European Enhanced Vehicle-Safety Committee

General info & FAQ

General information on the activities of the EEVC




Early cycle testing activity of EEVC WG 8
Side impact test activity of EEVC WG 9
Frontal impact test activity of EEVC WG 11


The EEVC was founded in 1970 in response to the US Department of Transportation's initiative for an international programme on Experimental Safety Vehicles.

The EEVC steering committee, consisting of representatives from several European Nations, initiates research work in a number of automotive working areas. These research tasks are carried out by a number of specialist Working Groups who operate for over a period of several years giving advice to the Steering Committee who then, in collaboration with other governmental bodies, recommends future courses of action that would lead to improved vehicles with respect to safety.

Frequently Asked Questions or FAQ

1. What are the terms of reference for the EEVC?
2. What is the membership of the EEVC ?
2. Where are its offices ?
3. How is it financed ?
4. Does the EEVC test cars ?
5. Why is much of the site password protected ?
6. Can I gain access to any of the group pages ?
7. How does one become a member ?
8. Does the EEVC make Standards or Regulations ?

1. Terms of Reference
The Terms of Reference

2. What is the membership of the EEVC ?

The steering committee of the EEVC is made up from representatives of the National Government with Europe, usually from the various Departments of Transport. The Working Groups consist of nominated technical experts, one from each National Government. The responsibilities of working group technical experts have been defined by the Steering Committee.

3. Where are its offices ?

The EEVC does not have a central secretariat or office. If you need to contact the EEVC please email the technical secretary.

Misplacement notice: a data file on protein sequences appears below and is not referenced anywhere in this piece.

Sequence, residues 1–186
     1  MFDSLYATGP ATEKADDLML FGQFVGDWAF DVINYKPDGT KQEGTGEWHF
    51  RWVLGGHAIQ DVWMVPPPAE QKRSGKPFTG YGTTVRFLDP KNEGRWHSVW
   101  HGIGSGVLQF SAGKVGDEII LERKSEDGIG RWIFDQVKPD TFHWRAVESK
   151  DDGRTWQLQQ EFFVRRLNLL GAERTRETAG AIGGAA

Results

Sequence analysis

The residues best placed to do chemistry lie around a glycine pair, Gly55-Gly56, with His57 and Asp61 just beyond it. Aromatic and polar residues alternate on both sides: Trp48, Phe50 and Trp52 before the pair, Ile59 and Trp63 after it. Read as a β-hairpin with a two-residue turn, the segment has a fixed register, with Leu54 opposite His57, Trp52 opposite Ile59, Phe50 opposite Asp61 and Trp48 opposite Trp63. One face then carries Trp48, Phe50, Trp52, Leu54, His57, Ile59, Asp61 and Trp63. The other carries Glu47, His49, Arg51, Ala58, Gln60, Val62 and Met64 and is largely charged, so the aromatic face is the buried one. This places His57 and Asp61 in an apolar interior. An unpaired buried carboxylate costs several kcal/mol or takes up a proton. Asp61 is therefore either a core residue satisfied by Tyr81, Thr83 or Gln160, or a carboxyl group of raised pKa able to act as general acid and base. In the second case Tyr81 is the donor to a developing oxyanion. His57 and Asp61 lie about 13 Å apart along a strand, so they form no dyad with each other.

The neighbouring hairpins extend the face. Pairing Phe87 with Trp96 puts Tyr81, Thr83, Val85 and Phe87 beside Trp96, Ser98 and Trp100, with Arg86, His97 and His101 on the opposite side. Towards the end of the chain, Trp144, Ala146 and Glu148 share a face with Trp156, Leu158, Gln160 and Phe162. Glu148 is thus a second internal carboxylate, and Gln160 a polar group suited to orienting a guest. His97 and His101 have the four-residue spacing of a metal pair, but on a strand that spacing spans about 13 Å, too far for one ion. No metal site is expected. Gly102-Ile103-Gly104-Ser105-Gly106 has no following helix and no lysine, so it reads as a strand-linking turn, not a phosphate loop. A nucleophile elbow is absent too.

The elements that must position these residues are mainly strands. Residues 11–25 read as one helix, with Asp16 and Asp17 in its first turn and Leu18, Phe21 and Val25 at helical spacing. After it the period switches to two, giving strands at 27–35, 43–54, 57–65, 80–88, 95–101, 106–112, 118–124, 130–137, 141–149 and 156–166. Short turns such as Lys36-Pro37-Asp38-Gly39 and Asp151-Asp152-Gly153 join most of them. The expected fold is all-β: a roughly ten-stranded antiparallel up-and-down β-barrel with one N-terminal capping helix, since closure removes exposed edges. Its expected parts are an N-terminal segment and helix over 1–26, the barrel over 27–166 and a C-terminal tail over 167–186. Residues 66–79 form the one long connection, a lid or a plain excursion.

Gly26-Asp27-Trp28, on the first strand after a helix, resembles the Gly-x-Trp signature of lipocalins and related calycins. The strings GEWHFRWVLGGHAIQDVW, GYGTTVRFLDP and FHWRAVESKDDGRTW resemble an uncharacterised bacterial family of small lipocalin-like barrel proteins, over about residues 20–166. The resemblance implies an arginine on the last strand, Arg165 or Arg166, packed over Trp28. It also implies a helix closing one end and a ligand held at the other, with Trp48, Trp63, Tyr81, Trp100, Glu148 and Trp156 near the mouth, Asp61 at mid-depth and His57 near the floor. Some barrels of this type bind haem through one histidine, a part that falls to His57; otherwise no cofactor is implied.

4. How is it financed ?

The central EEVC organisation does not receive any special funding, all resources are supplied by the supporting governments. Funding to support the activities of the various Working Groups can come from the National Governments, the European Commission, Industry or other bodies.

5. Does the EEVC test cars ?

The EEVC does test cars but not for approval purposes. All testing is carried out in pursuit of technical research and developments that could lead to proposals for improved vehicle standards. One organisation that does test cars comparing their performance in a range of different impact conditions is EuroNCAP - the European New Car Assessment Programme. This organisation is not part of the EEVC.

6. Why is much of the site password protected ?

The EEVC site is mainly for use but its member groups and until the research has been completed and published this work must remain confidential. The policy of the EEVC is to publish research conclusions when they have been completed.

7. Can I gain access to any of the group pages ?

Only EEVC members can access the confidential areas of the site. In fact many different passwords are used for the deferent areas and very few people can access all areas.

8. How does one become a member ?

One can't just become a member of the EEVC and its various groups. The Steering Committee only consists of members of the national Department of Transports, although members of the European Commission are also invited. The Working Groups consist of technical experts in the relevant field, one from each country nominated by the relevant Department of Transport. They can be supported by an additional support member, if appropriate, chosen by the technical expert.

9. Does the EEVC make Standards or Regulations ?

The EEVC does not make Standards of Regulations but carries out the basic research on which they are founded. In pursuit of making improvements outline test procedures and test equipment e.g. test dummies, impactors or barriers are developed. Proposals are then made to the regulatory bodies who may or may not adopt them and develop them into Regulatory documents. The EEVC may assist in this process, if so requested, but the EEVC is not part of the formal regulatory process.